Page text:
It is well established that touch perception deteriorates with age and this phenomenon is accompanied by a number of structural defects in the skin including a dramatic loss of Merkel cell-neurite complexes, other tactile afferents and touch sensitivity. Deficits in touch perception are thought to contribute to the decline of postura stability and handgrip, and the resulting increase in falling frequency, which is a major factor determining quality of life and the ability to live independently for the elderly. Technical hurdle that have hindered efforts to understand the cellular and molecular basis of age-related losses in touch perception are i) the variety of somatosensory receptors and ii) the fact that mechanoreceptive end organs are scattered throughout the skin. Furthermore, information regarding putative skin progenitor populations that are responsible for maintaining the turnover of cellular mechanoreceptors that perceive light touch, such as Merkel cells, is sorely lacking. Merkel cells represent a mature neuroendocrine lineage that resides in unique structures in the epidermis of hairy skin in rodents and humans termed touch domes (TDs). Our laboratory previously identified a novel keratinocyte progenitor population localized with Merkel cells in TDs termed TD progenitor cells (TDPCs) and we demonstrated that TDPCs could give rise to the Merkel lineage both under regenerative conditions and homeostasis. To further explore the role of TDPCs in Merkel cell homeostasis, we generated a BAC transgenic mouse model in our laboratory, Krt17CreERT2 that selectively targets TDPCs in the epidermis for expression of a tamoxifen-inducible Cre recombinase while excluding mature Merkel cells. Using Krt17CreERT2 mice in combination with other Cre-inducible reporter alleles we demonstrated that i) TDPCs are permanent residents of the skin that are solely responsible for maintaining the Merkel lineage and ii) the entire pool of mature Merkel cells within the TD is turned over every two months in young adult skin. These preliminary findings establish Krt17CreERT2 mice as an excellent platform to examine how Merkel cell homeostasis may be perturbed in aged skin. The main objective of this proposal is to determine whether a decline in progenitor capacity of TDPCs underlies the age-related loss in Merkel cell-neurite complexes and diminished touch sensation. To accomplish our objective, we will employ Krt17CreERT2 mice to determine the rate of Merkel cell genesis and apoptosis in aged skin. We will also purify TDPCs from aged skin and assess their clonogenic capacity in vitro. Finally, we will transplant young adult and aged TDPCs and directly assess their ability to regenerate Merkel cells in vivo and restore tactile acuity. These studies will be critical to understanding the cellular regulation of our sense of touch, an essentil element of our ability to perceive our surroundings that is severely diminished as we age.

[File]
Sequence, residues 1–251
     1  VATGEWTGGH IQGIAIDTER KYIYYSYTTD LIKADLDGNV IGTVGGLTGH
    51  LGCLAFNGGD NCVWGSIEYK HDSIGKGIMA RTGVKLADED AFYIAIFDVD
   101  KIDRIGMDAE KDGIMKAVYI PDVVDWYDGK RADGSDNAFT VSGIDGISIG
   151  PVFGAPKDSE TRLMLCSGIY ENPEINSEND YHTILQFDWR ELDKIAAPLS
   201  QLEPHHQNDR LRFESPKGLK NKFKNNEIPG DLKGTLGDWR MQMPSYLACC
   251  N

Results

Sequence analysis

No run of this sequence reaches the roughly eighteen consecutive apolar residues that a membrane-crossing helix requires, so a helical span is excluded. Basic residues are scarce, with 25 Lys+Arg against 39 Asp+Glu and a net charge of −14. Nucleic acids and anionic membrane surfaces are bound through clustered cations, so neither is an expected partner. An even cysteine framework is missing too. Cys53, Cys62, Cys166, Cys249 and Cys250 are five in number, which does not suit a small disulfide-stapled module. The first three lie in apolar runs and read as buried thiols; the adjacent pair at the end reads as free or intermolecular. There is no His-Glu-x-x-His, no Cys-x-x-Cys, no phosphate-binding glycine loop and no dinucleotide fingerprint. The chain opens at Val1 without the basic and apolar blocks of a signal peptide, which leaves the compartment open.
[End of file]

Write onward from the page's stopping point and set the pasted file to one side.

Public Health Relevance

As we age, our skin gradually loses its sense of touch and this deficit is thought to contribute to the decline of postural stability and hand grip, and the resulting increase in falling frequency, which is a major factor determining quality of life and th ability to live independently for the elderly. However the cellular basis for this phenomenon is completely unknown. The major goal of this application is to understand how stem cells in our skin lose the ability to maintain the sensory cells that mediate light touch responses as we age.

National Institute of Health (NIH)
National Institute on Aging (NIA)
Exploratory/Developmental Grants (R21)
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Study Section
Cellular Mechanisms in Aging and Development Study Section (CMAD)
Program Officer
Chen, Wen G
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Columbia University (N.Y.)
Schools of Medicine
New York
United States
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